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Rebound Effect I: Energy, efficiency, and growth


Since early industrialization, increased amounts of energy as well as increased quality and reduced costs of energy, in part resulting from improved energy efficiency, have been prime drivers of economic growth. Now, as we have already passed beyond the limits of growth, energy efficiency improvements take an ambivalent role. One the one hand, energy efficiency improvements provide a viable option to prevent wastage of valuable energy carriers (both fossil and renewable) and curtail greenhouse gas emissions. On the other hand, increasing energy efficiency generates so-called ‘rebound effects’, which spur new energy demand and continued economic growth.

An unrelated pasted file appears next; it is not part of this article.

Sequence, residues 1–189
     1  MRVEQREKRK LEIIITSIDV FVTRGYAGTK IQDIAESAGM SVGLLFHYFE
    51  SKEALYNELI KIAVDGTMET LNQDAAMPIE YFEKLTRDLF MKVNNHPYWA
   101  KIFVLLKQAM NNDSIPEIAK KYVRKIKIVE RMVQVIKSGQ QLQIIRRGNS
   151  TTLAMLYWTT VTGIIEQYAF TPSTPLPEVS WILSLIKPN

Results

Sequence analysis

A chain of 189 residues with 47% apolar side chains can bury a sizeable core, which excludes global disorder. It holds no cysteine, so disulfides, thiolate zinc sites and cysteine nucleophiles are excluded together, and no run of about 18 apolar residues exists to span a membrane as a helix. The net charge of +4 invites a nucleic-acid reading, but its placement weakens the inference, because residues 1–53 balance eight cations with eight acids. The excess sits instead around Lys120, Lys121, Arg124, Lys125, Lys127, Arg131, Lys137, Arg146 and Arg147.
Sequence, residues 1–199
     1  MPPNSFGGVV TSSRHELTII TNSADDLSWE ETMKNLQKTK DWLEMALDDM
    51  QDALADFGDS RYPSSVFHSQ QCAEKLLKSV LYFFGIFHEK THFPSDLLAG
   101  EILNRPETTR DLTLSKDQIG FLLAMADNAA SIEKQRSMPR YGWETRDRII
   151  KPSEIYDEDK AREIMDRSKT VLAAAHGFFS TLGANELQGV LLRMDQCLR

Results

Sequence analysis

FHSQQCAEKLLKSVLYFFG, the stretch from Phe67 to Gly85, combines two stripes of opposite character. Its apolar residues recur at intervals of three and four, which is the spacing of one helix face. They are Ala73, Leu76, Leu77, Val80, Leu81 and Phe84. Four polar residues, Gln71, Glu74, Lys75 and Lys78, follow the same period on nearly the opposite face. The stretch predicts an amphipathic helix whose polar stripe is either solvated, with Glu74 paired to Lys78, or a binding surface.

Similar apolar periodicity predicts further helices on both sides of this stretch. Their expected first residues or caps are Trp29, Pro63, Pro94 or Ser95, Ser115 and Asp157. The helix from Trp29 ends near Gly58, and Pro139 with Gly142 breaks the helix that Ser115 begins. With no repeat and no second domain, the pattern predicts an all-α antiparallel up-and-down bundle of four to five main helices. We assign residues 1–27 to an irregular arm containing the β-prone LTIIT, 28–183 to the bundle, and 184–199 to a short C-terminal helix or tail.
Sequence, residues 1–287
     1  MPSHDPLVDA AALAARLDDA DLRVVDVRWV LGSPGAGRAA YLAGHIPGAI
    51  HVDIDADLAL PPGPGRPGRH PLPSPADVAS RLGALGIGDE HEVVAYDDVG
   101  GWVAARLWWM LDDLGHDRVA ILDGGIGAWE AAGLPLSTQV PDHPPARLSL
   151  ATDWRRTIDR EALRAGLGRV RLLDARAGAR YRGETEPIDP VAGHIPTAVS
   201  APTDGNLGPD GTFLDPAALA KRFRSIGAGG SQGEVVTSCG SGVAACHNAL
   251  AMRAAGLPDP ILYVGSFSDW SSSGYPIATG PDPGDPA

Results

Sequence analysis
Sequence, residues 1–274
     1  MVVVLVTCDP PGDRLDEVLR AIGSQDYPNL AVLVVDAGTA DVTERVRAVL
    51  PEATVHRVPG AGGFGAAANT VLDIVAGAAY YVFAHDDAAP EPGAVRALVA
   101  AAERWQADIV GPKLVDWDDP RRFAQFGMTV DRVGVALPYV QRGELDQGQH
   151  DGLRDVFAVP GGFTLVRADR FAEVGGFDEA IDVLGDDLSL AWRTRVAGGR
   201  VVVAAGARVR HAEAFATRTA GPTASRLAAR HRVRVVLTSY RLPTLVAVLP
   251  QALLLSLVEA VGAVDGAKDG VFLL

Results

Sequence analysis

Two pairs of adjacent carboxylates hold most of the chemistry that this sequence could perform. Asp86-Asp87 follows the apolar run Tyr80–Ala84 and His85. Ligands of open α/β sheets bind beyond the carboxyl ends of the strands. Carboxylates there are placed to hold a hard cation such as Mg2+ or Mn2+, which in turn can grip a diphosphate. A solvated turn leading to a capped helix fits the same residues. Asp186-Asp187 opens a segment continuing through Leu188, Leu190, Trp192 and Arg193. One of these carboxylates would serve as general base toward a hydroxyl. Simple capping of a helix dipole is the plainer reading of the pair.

Norgard: The delusion of decoupling, and policy options for mitigating the rebound effects and the environmental impact

Buhl: Worktime Reduction and Rebound Effects

Sonnberger: Rebound effects from a practice theoretical perspective

Walnum: An interdisciplinary understanding of macro rebound effects

Aall: Investigating the potential of applying theories on rebound effects to the climate discourse: Climate change adaptation in winter tourism

Santarius: Towards a Theory of Psychological Rebound Effects